Mike G. Morreale | NHL.com Staff Writer
-- The Calgary Flames
never had a chance.
How else would you depict the tornado that touched down inside United Center when the Chicago Blackhawks
scored as many goals as Calgary had shots (3) in the opening 20 minutes Saturday night en route to a 5-1 victory in Game 5 of their Western Conference Quarterfinal.
"I was terrible tonight," Calgary captain Jarome Iginla
said. "As a group, we were terrible and there's no excuse."
You get the feeling the Flames will be hearing "Chelsea Dagger" by The Fratellis in their sleep after receiving ample opportunity to learn the lyrics with each goal the Blackhawks scored -- the 22,563 in attendance made certain of that by singing along as the song blared away.
Even when the Flames appeared to have a pulse early in the second, after Dustin Boyd scored his first of the playoffs to pare the margin to 3-1, the Blackhawks hit the reset button on offense and scored twice more to make sure they held serve in a series that has seen the home team win every game. The Flames hope that trend continues Monday night, when they host Game 6 at the Pengrowth Saddledome.
Unlike the previous two games in Calgary when the Blackhawks scored first but would eventually lose, the Hawks kept pushing for 60 minutes and provided goalie Nikolai Khabibulin with plenty of support. Khabibulin had to stop just 19 shots for his 34th playoff victory.
One has to wonder if Khabibulin was even a little bored in the opening period after facing just three shots.
"Obviously, I'd like to touch the puck a little more, but those things like that you cannot control so it is what it is," he said. "As a goalie, you just stay sharp and do the best you can."
The Blackhawks were attentive to detail, charged the net to tip pucks, denied Calgary's snipers much room to operate down low and played the body to the delight of another sellout crowd. One could actually argue that the young Blackhawks, who are making their first playoff appearance in six seasons, actually grew as a team in Game 5. They scrapped, killed a 5-on-3 power-play in the final period and re-established themselves as the better team.
"It was our best game of the series," Blackhawks coach Joel Quenneville confirmed.
Flames coach Mike Keenan agreed that Chicago's fast start -- the Hawks led 3-0 just 11:08 into the game -- made the difference.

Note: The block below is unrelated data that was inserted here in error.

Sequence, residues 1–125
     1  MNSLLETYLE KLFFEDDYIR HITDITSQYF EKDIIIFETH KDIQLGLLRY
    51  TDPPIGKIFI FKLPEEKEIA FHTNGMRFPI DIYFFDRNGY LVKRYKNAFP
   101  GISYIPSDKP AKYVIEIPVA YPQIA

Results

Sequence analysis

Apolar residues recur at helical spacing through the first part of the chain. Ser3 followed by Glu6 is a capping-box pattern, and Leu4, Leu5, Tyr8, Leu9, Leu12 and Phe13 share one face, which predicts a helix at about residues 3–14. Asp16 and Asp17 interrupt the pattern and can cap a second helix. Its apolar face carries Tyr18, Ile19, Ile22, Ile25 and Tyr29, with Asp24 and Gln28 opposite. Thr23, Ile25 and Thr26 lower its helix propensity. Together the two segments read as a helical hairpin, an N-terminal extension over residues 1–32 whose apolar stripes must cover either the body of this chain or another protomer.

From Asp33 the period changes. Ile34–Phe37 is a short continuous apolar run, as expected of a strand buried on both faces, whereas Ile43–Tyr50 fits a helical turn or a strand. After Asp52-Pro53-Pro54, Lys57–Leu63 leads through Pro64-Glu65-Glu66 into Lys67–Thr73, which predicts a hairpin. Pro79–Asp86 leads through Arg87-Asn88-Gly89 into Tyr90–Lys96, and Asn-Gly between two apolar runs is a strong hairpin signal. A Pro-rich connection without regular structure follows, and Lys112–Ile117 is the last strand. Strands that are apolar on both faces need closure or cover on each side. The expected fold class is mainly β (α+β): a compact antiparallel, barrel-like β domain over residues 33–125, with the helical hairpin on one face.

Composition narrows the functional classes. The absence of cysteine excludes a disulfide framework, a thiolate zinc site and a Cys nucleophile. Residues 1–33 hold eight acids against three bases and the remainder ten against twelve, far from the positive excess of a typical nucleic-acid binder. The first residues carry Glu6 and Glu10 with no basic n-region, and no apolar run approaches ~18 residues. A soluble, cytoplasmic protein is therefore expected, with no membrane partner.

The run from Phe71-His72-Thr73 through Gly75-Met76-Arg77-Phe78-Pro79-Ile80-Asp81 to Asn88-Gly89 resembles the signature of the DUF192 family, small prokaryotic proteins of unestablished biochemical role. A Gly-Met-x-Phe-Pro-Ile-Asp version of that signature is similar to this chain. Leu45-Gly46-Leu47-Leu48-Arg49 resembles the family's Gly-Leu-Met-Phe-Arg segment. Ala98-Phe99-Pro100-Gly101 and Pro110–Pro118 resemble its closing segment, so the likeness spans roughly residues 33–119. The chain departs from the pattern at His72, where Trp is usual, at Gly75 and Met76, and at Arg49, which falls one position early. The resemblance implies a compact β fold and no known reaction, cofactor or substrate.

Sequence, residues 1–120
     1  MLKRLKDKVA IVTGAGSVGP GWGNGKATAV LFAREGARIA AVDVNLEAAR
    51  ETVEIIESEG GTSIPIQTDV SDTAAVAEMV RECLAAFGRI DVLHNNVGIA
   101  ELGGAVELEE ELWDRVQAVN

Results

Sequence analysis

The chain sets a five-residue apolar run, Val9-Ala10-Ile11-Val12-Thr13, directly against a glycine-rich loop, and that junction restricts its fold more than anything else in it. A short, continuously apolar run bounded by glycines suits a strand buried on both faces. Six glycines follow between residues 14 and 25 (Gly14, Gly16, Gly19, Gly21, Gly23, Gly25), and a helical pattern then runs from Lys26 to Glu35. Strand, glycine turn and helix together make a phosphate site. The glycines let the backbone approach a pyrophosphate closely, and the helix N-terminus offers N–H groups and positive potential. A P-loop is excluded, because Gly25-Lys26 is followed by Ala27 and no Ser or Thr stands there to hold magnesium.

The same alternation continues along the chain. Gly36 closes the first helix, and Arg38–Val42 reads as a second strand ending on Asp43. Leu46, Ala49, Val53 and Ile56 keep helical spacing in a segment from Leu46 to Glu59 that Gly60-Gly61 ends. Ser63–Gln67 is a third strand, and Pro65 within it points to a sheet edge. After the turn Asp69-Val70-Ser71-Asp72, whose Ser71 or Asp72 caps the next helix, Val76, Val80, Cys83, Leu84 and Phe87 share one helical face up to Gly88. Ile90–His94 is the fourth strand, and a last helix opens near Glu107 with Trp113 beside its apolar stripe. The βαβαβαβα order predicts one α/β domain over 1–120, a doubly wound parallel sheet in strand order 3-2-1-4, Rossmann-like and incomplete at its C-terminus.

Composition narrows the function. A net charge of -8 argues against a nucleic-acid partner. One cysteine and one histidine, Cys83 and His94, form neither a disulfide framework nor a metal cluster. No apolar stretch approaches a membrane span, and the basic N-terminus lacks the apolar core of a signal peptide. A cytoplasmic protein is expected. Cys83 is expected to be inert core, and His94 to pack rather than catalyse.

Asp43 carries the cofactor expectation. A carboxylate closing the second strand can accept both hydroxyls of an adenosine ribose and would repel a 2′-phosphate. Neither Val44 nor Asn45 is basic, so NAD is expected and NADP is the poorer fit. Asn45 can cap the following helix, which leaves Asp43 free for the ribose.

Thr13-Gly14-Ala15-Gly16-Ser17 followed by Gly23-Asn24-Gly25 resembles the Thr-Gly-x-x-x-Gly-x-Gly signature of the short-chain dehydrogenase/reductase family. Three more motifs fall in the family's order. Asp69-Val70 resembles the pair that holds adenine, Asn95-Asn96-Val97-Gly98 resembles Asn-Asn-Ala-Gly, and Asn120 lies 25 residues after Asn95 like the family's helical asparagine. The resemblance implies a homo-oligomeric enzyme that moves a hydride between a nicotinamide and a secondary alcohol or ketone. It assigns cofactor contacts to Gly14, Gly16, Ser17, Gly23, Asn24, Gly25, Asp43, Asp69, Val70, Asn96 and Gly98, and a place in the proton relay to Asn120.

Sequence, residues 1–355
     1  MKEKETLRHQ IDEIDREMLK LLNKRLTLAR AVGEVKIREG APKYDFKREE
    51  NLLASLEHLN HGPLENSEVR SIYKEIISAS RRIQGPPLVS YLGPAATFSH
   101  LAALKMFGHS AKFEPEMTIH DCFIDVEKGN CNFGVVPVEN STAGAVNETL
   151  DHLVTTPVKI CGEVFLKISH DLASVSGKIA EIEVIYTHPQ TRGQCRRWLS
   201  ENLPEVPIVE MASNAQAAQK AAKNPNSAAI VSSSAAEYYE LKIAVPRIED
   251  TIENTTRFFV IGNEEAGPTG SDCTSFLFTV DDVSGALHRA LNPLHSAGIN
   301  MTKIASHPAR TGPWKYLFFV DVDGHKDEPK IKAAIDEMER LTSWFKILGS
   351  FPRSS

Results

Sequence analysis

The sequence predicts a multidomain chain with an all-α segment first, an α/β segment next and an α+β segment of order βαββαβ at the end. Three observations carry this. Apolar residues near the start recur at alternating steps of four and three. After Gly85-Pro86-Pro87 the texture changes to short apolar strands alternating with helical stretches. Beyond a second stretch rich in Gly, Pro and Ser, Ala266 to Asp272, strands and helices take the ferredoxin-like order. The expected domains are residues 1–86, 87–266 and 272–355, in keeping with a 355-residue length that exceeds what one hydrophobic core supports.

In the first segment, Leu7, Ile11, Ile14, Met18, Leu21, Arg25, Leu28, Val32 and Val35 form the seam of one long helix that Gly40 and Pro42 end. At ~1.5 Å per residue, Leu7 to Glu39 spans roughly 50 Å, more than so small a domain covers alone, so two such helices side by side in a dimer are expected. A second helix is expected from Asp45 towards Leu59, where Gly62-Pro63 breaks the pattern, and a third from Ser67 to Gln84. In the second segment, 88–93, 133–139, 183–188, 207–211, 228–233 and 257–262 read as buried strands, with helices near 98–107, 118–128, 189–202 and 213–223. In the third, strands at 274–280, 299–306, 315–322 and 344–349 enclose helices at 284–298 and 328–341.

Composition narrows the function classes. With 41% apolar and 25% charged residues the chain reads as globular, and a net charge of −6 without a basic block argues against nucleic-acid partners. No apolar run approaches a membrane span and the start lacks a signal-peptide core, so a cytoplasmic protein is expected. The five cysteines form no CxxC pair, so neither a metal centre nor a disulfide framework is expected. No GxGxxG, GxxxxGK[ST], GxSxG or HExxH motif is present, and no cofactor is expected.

"Chicago had a tremendous start and great momentum," Calgary coach Mike Keenan said. "They took advantage of their opportunities to build up a three-goal lead. My team wasn't prepared to play and that was the fault of the coach."
The Blackhawks even forced Keenan to make a goalie change when he inserted backup Curtis McElhinney for Miikka Kiprusoff
with 13:46 remaining in the second period after Andrew Ladd's goal put Chicago ahead 4-1. Kiprusoff, who was pulled for the third time in his last 12 playoff games, was noticeably upset with the quick hook.
"I guess I was a little surprised when they pulled Kipper," Khabibulin said. "I mean, it was still early in the game, but it's not for me to decide. He's a veteran goalie and the next game is back in their building. He's played a lot of games and knows how to recover from games like this."
Actually, Keenan could have laid a foundation of bricks in front of his net and it probably wouldn't have made a difference -- the Blackhawks were that crisp and sharp.
"Our fourth goal (by Andrew Ladd) was a huge one because they had scored to open the second and had taken some of our momentum away," Quenneville said.
The series certainly hasn't lost its physical edge and one would expect that to continue as the series shifts to Calgary. The Flames held a 42-38 edge in hits, but Chicago had the better face-off winning percentage (52 percent-48 percent), blocked more shots (12-6) and finished with a 28-20 advantage in shots on goal.
The Hawks also become the first team to win a game in this series after scoring the opening goal.
"There have been quite a few lead changes in this series, but (Saturday) marked the first time a team would win after scoring first in the game," Flames forward Mike Cammalleri said. "I don't think it was a case of us being stunned from the start; I don't think we were able to put forth the effort to win tonight. We were not ready for the game, not only in the opening period, but all the way through, and I just think we have a lot more to give than that."
Contact Mike Morreale at email@example.com.
Chicago rookie forward and Calder Trophy nominee Kris Versteeg scored his second goal of the playoffs on a nifty backhand low in the left circle with 8:52 remaining in the first period, just 19 seconds after Patrick Sharp
had given the Hawks a 2-0 lead, to literally send the crowd of 22,563 in United Center into an absolute frenzy.
Chicago defenseman Brent Seabrook
, who entered Game 5 averaging 26:56 of ice time in the series, not only had 1 goal and 2 assists, he also had 5 hits and 2 blocked shots. His power-play goal to open the scoring in the first period was his first goal of the playoffs. The 24-year-old Seabrook appeared in all 82 regular-season games for the Hawks this season and led the club in hits (224) and blocked shots (113).
Out of the last 27 NHL playoff series that were tied 2-2, the Game 5 winner has gone on to win 25 times. The two exceptions were won by the Flames.
The Blackhawks scored as many goals as Calgary had shots in the first period. Chicago outshot the Flames 15-3 in the opening period. Eight of those attempts occurred during three power-play opportunities.
After going pointless in Game 1 of the series, Chicago left wing Patrick Sharp
has points in four straight games, including his third goal of the playoffs during a three-goal uprising in the first period. The 27-year-old forward is tied for the team lead in scoring in the playoffs with 6 points.